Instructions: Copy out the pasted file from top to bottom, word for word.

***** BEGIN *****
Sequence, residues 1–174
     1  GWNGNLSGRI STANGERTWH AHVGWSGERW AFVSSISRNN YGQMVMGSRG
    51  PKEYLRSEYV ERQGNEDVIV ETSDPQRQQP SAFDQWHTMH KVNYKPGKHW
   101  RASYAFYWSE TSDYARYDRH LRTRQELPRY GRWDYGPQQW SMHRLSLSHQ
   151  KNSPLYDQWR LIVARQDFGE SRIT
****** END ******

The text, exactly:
Sequence, residues 1–174
     1  GWNGNLSGRI STANGERTWH AHVGWSGERW AFVSSISRNN YGQMVMGSRG
    51  PKEYLRSEYV ERQGNEDVIV ETSDPQRQQP SAFDQWHTMH KVNYKPGKHW
   101  RASYAFYWSE TSDYARYDRH LRTRQELPRY GRWDYGPQQW SMHRLSLSHQ
   151  KNSPLYDQWR LIVARQDFGE SRIT